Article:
I never thought I would enjoy a book about Irish cattle and sheep farming. But I certainly enjoyed “The Farmer’s Son, Calving Season on a Family Farm,” by John Connell, a journalist/author.
The memoir is about Connell’s return to his home country of Ireland where he worked on his family’s cattle and sheep farm. He also planned to write there—his book is a compilation of his experiences. The Irish are known to be gifted, elegant writers, and Connell is no exception. His writing is fluid, clear and eloquent.
Connell weaves back and forth in time, from his present situation to ancient myths, legends and the history of cows. We learn how cows are bred and farmed. He speaks of knowing the animals and being kind to them as they are sent to market and the empathy he feels when he has to kill one.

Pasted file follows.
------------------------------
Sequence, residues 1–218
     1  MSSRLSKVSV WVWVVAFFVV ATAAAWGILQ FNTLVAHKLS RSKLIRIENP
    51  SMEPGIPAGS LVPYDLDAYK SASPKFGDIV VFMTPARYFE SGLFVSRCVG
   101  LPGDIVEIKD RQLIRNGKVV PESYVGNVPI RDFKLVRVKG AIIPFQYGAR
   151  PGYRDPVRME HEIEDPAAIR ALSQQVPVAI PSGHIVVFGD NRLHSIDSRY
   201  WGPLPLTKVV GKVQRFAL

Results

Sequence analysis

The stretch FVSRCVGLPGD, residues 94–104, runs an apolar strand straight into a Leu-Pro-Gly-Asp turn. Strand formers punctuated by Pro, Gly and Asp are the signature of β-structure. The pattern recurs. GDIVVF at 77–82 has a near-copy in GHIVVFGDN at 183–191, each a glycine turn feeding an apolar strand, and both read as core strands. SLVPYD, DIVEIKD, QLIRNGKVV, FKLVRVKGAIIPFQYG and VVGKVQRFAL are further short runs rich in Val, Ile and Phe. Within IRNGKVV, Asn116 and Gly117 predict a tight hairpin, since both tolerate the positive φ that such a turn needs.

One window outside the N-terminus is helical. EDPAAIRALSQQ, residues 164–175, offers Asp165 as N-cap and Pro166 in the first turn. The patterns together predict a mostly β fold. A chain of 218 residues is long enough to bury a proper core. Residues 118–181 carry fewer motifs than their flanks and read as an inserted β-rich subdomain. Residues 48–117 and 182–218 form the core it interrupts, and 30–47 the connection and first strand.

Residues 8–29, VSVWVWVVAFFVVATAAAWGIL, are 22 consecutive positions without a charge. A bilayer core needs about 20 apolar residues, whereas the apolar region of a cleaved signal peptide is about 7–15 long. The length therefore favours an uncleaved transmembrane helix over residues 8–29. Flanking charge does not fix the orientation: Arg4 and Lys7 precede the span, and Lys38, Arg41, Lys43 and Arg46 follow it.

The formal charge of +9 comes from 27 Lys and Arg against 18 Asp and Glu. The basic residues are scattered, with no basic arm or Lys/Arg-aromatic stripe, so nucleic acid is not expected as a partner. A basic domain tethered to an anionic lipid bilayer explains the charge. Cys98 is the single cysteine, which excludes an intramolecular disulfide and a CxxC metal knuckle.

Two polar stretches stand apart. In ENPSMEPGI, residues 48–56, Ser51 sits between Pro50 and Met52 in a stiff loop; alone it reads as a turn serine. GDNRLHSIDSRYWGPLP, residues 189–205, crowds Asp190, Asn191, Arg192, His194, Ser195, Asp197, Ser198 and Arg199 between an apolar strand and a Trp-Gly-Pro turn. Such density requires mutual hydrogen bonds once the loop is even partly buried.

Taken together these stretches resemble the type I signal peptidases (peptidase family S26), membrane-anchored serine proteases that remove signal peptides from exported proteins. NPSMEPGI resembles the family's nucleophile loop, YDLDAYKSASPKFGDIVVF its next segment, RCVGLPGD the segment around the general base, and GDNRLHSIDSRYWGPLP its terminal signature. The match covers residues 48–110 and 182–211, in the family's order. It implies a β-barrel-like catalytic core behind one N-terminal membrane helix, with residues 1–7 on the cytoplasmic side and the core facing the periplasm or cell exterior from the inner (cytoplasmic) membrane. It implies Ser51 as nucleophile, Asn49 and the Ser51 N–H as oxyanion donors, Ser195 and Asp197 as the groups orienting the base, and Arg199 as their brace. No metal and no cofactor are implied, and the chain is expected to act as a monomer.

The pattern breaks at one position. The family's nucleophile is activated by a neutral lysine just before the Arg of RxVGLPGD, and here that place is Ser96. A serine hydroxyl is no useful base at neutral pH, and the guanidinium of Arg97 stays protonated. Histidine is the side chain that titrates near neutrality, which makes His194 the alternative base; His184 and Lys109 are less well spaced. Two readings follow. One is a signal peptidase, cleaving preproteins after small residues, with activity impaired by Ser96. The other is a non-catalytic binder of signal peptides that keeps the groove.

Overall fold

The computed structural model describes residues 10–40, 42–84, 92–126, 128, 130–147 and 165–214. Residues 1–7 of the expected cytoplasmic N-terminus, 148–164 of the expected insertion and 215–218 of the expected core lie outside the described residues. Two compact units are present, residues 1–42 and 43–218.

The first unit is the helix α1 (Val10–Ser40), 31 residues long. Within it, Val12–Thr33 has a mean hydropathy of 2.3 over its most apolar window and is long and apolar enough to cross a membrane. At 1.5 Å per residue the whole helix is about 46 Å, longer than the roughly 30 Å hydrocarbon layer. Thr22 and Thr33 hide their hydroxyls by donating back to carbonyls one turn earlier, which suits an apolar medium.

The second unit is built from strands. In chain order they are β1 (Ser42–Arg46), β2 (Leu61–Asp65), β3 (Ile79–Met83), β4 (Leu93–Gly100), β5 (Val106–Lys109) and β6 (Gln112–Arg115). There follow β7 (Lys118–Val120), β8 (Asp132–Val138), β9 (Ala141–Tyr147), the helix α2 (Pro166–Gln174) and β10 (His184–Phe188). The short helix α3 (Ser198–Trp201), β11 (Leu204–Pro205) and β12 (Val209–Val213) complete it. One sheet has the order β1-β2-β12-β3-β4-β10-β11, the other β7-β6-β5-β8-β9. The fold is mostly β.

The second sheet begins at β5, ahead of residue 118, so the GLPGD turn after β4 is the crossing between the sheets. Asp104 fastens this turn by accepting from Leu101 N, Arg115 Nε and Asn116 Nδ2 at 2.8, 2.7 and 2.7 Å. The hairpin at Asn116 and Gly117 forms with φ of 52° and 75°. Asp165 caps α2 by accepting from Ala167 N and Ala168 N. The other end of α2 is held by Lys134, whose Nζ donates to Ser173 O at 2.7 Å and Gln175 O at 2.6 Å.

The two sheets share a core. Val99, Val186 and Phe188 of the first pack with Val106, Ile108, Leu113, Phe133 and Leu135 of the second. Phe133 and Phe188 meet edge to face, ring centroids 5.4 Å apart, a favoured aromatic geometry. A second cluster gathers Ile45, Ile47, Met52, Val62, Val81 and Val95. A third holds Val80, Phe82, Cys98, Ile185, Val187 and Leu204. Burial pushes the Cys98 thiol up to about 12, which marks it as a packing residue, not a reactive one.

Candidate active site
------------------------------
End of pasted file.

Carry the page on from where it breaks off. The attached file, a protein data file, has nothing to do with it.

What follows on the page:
Readers also learn of Connell’s life prior to returning to Ireland. He speaks clearly and honestly of his “past,” as he refers to his bout of depression. Throughout the book he speaks of his “roots” and his connections to the land—the land and people intertwined, with nothing separating them.
Connell includes details about his family’s dynamics, his neighbors and how their lives are connected. He laments that too many of us are removed from nature in too many ways. Connell’s gratefulness is ever present, and he talks openly about forgiveness for transgressions large and small.
“The Farmer’s Son” resonated with me. My father was from a farming family in North Dakota and my mother’s family was from Ireland. It is a relatively short book. I found it comforting, gentle and just a good read. I hope you like it too.